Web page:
Is Patent Litigation in the Market for a New Home?
(as published in Bloomberg BNA)
Of the thousands of patent cases filed in the United States each year, more than 40 percent of them are filed in the Eastern District of Texas. Most of those cases are filed in one town—Marshall, Texas—and are presided over by a single judge: Judge Rodney Gilstrap. Indeed, one quarter of all patent cases filed in 2015 were filed with Judge Gilstrap. This concentration of patent cases is not a mistake, since patent owners often perceive a tactical advantage to filing in this largely rural district east of Dallas.
The unique role of the Eastern District of Texas in US patent litigation may soon end. The Supreme Court recently heard arguments in a case that could significantly reshape where patent infringement cases are litigated: TC Heartland v. Kraft Foods Group Brands. The location of where a patent case can be filed is limited by federal venue statutes, but the Federal Circuit’s interpretation of those statutes generally permits suit in almost any federal district court. In TC Heartland, the Supreme Court is considering whether such an expansive interpretation of the venue requirement is correct.
Oral arguments did not reveal a clear winner, though the tenor of the Justices’ questions suggests that the Federal Circuit’s current interpretation may be at risk. Regardless of the outcome, this case has focused a microscope on the statutes controlling where patent cases can be filed and on the impact different interpretations of those statutes can create. Strong business interests support both sides of this case, so regardless of whether the Supreme Court overturns the current interpretation or maintains the status quo, the calls for Congress to address patent venue will likely only increase.
THE CURRENT RULE
Federal venue requirements limit where accused infringers can be forced to defend themselves, but for many accused infringers that limit is illusory. For decades the Federal Circuit has interpreted the general federal venue section (28 U.S.C. § 1391) and the patent-specific venue section (28 U.S.C. § 1400(b)) together to permit suit anywhere the defendant is subject to personal jurisdiction. Since personal jurisdiction can exist anywhere an allegedly infringing product is sold or used, companies with widely distributed products are often subject to suit anywhere in the country.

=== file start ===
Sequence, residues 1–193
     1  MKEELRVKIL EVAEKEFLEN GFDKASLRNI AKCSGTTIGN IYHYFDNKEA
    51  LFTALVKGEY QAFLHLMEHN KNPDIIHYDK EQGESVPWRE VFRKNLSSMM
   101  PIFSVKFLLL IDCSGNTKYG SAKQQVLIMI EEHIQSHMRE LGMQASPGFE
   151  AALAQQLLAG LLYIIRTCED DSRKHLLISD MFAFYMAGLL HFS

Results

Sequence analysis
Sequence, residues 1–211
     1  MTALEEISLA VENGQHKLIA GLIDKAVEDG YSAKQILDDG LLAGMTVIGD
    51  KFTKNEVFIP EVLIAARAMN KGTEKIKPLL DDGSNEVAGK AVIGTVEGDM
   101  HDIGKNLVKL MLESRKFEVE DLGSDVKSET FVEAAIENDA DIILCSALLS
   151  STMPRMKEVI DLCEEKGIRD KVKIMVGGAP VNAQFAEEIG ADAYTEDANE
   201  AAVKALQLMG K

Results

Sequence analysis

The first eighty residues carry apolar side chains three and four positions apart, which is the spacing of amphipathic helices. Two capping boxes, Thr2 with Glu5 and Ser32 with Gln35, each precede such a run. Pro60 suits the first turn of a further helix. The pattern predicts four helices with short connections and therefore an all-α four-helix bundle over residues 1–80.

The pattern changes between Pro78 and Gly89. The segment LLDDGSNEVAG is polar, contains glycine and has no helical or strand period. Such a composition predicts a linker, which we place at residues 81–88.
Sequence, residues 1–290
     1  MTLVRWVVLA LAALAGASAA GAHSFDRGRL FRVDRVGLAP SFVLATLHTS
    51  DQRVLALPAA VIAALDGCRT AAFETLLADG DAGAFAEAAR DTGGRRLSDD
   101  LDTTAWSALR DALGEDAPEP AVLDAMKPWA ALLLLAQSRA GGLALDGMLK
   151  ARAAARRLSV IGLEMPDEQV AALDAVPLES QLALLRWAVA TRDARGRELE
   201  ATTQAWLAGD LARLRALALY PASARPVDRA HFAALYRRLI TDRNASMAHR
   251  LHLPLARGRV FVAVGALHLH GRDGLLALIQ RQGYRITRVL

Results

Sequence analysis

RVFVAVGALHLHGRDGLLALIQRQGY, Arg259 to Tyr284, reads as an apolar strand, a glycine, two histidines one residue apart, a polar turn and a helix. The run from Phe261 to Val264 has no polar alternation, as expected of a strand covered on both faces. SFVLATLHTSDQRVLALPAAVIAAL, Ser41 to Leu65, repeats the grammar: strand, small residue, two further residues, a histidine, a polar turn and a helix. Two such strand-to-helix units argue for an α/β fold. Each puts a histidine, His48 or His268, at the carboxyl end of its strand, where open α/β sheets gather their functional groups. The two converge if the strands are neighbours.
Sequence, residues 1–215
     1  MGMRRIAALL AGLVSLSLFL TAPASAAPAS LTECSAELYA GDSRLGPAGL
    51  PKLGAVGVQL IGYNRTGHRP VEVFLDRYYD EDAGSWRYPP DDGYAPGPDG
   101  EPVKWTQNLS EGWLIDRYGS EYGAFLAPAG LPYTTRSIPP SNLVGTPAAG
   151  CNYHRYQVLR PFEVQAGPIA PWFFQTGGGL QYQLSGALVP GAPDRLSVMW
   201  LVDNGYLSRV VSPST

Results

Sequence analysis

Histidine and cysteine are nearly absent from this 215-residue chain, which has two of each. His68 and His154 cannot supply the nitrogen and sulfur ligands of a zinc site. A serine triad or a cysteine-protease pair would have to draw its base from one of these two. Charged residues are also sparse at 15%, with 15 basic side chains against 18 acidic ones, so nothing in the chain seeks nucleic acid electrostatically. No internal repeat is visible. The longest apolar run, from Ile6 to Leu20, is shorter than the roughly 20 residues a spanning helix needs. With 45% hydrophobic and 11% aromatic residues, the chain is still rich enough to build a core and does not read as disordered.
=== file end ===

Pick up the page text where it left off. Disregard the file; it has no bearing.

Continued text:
The patent-specific venue section provides that “any civil action for patent infringement may be brought in the judicial district where the defendant resides, or where the defendant has committed acts of infringement and has a regular and established place of business.” The general venue section, in turn, defines “residency—for all venue purposes” as “any judicial district in which [a] defendant is subject to the court’s personal jurisdiction with respect to the civil action in question.”
The compatibility (or lack thereof) between the two sections was addressed 60 years ago in Fourco Glass v. Transmirra Products (1957). In Fourco, the Court held that the definition of “residency” in the general venue section did not apply to the patent-specific venue section and that “resides” within the context of the latter section was limited to the state of incorporation of a corporate defendant. The Court reasoned that a specific statute prevails over a general statute which otherwise might be controlling. Thus, following Fourco, a defendant in a patent litigation could be sued only where it was incorporated or where it committed an act of infringement and had a regular and established place of business.
While Fourco appeared to resolve the issue of venue in patent cases, Congress reanimated the issue when it amended the general venue section in 1988. Specifically, Congress added that its definition of residency applies “for purposes of venue under this chapter,” which encompasses the patent-specific venue section. In light of these amendments, the Federal Circuit in VE Holding v. Johnson Gas Appliance (1990) held that the definition of “resides” in the general venue section governed the meaning of that term in the patent-specific venue section.
As a consequence of VE Holding, accused infringers could be sued in any venue in which they were subject to personal jurisdiction. This interpretation has stood ever since, which is why today accused infringers find themselves facing lawsuits in venues far from their state of incorporation or established places of business.
The final wrinkle occurred in 2011 when Congress again amended the general venue section. The amendment replaced the language relied on in VE Holding: “for purposes of venue under this chapter,” with new language: “for all venue purposes.” Congress also amended the general venue section to state that it applied to all civil actions “except as otherwise provided by law.”
With the language relied on in VE Holding to distinguish Fourco no longer in the general venue section, Heartland saw an opportunity to challenge VE Holding. The Supreme Court agreed to review this case to determine whether VE Holding remains (or ever was) good law.